Sanctuary makeover is an extraordinary work of art

Lisa Johnston | lisajohnston@archstl.org

With a jar of gold latex paint in hand, Father Raymond Hager carefully applied the finishing touches to a 5-foot statue of St. Barnabas. Within a matter of weeks, the figure was transformed from a solid piece of acacia wood to a work of art.

This certainly wasn't the first time the priest witnessed something transform from ordinary to extraordinary.

St. Barnabas Parish in O'Fallon recently underwent an extreme makeover, with a major remodeling of its sanctuary. Included in the transformation is a newly constructed wooden altar, statues, reredos, communion rail, ambo, side shrines and new marble flooring, made possible in part by help from parishioners and donations.

Best of all, said Father Hager, people have commented positively about the church's new look. "One of the best compliments we got were people who said, 'Father, it looks like it's always been here.'"

The parish celebrated the remodeling with a Mass April 29, including a dedication of the new altar and blessing of the sanctuary and tabernacle. Auxiliary Bishop Mark Rivituso consecrated the altar with the holy chrism oil.

St. Barnabas was established in 1961 in what is now the northern part of O'Fallon to accommodate the rapid expansion of Catholics in that area of St. Charles County. The parish opened a school in 1963, but a fire in 1981 devastated the church and school building, forcing a temporary closure. It's been 37 years since the church has undergone a major renovation.

Plans for the transformation began last summer, when Father Hager recognized the need for a new communion rail. The priest has been offering the Traditional Latin Mass at 10 a.m. Sundays since January 2015. Scheduled between two English-language Masses, they "were starting to run together," he said.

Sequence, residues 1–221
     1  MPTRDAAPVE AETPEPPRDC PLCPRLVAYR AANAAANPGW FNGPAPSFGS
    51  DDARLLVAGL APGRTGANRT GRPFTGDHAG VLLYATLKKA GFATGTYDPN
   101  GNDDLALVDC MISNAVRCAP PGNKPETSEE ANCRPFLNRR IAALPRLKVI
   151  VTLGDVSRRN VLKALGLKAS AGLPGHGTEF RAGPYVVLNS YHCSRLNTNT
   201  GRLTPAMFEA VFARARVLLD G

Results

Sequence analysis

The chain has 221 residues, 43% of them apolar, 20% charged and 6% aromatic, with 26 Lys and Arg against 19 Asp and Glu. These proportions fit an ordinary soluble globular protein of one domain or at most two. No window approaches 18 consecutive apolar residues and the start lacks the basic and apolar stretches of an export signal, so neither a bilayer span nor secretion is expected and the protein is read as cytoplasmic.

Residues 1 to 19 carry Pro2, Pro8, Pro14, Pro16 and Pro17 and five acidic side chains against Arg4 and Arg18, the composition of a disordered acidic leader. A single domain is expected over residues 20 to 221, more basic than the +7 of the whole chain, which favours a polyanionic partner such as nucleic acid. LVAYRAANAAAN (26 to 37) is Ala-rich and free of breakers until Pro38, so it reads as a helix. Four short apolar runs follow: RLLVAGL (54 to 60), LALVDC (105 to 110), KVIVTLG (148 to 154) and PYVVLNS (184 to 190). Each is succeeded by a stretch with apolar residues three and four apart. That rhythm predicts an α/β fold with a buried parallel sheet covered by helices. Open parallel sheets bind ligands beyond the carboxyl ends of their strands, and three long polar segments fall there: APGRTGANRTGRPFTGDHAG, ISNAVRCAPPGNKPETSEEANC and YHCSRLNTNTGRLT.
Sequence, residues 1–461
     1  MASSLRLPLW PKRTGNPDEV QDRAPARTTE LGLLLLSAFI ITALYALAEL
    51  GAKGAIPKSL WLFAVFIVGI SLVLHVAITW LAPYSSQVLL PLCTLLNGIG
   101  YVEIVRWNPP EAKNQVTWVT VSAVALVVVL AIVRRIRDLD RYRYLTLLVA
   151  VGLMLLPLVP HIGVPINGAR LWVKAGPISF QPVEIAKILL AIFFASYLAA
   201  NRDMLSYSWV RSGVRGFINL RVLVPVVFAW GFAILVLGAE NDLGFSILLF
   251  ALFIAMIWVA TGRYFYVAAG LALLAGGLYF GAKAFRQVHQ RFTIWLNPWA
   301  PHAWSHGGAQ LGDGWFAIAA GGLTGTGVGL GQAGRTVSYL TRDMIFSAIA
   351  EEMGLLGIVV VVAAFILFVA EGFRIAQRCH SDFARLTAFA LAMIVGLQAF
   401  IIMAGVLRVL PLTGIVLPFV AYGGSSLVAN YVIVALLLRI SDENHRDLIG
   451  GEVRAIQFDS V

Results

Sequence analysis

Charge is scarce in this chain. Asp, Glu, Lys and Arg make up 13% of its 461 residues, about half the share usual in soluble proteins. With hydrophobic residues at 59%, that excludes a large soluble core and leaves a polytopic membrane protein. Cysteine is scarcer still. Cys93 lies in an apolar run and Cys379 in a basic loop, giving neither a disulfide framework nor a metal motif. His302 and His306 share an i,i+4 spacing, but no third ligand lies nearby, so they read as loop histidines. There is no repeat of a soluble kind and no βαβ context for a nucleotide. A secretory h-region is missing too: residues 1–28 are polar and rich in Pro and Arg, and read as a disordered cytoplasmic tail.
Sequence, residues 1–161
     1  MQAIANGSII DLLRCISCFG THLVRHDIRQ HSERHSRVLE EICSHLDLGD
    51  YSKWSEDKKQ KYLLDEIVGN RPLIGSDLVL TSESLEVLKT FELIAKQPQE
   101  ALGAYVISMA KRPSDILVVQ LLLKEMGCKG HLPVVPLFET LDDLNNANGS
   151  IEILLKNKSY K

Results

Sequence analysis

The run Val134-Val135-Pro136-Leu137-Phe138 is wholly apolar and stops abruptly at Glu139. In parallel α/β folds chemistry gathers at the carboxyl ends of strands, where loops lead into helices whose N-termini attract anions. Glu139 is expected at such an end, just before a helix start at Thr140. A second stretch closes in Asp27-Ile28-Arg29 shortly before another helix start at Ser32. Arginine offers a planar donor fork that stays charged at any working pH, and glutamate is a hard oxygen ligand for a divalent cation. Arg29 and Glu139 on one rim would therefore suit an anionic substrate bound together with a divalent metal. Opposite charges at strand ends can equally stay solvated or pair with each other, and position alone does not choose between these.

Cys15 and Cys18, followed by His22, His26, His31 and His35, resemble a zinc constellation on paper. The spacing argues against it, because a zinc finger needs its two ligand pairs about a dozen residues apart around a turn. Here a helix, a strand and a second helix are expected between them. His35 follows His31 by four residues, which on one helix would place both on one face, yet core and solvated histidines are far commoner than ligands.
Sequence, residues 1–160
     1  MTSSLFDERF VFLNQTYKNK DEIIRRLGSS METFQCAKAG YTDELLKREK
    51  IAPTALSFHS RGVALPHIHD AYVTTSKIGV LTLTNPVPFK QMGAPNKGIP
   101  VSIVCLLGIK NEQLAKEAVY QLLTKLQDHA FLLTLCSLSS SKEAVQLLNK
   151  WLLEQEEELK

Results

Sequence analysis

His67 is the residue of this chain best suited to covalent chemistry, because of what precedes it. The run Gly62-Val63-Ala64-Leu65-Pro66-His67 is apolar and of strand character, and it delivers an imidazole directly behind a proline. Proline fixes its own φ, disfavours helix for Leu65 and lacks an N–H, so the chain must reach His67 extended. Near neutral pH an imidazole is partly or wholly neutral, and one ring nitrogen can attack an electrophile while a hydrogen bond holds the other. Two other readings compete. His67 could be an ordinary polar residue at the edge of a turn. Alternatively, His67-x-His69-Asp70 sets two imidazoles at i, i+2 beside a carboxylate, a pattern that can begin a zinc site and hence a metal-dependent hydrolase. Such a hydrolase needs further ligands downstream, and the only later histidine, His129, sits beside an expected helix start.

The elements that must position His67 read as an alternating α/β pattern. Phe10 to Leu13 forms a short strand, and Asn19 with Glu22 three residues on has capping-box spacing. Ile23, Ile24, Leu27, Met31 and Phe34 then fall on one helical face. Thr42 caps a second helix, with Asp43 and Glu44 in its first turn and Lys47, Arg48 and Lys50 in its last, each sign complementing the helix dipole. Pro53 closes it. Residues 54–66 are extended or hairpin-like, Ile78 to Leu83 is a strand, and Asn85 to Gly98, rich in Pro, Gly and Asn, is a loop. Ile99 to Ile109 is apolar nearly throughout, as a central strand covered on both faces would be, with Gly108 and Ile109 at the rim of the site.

A longer communion rail was needed to accommodate more people at the Latin Mass. Some Sundays, the Latin Mass is the most well-attended, with an average of 150-200 people, largely younger families. They have contributed to a rejuvenation of the parish, he added.

Father Hager worked with Brendan Hamtil, owner of Fynders Keepers Brokerage of Stilwell, Kan., a company that links buyers and sellers with religious goods, to find a communion rail. Hamtil located one, along with a matching ambo, from a now closed church in Connecticut.

"Things just kept falling into place, one thing after another," Father Hager said. "I was praying about it, not only what would be best for the parish but also what God wanted."

The other centerpiece of the sanctuary is a rood screen (a large wooden screen used in medieval times to separate the nave of the church from the sanctuary), which Hamtil found at an old Episcopal church in Maine. A carpenter and parishioner, Ted McCullough, transformed it into a reredos with niches for statues, Crucifixion scene and a place for the tabernacle.

The custom altar was constructed by Corey Clark of Clark Carpentry and Woodworking LLC, of Berlin Township, Mich., and designed to match the rest of the woodwork in the sanctuary.

Hamtil of Fynders Keepers also connected Father Hager with a studio in Italy to create the 5-foot statues of St. Barnabas and St. Louis. The priest, a former draftsman and fine arts enthusiast, was assisted by artist Linda Smith of St. Joseph Parish in Cottleville and Darlene Hartman of St. Barnabas in painting the statues.

It's a craft he's learned over time, dating to his seminary days, when he rescued a dilapidated statue of St. Aloysius Gonzaga and restored him. "I really didn't know how to do a lot of this stuff," he said. "I just prayed. And I was helped on how to do it. It all just kind of came together."

"God has put people in my life to help me," he said. "God knows what I want to do ... and what I want to do is glorify Him in any way I can. With the way this has all come together, I see God's hand in this." 

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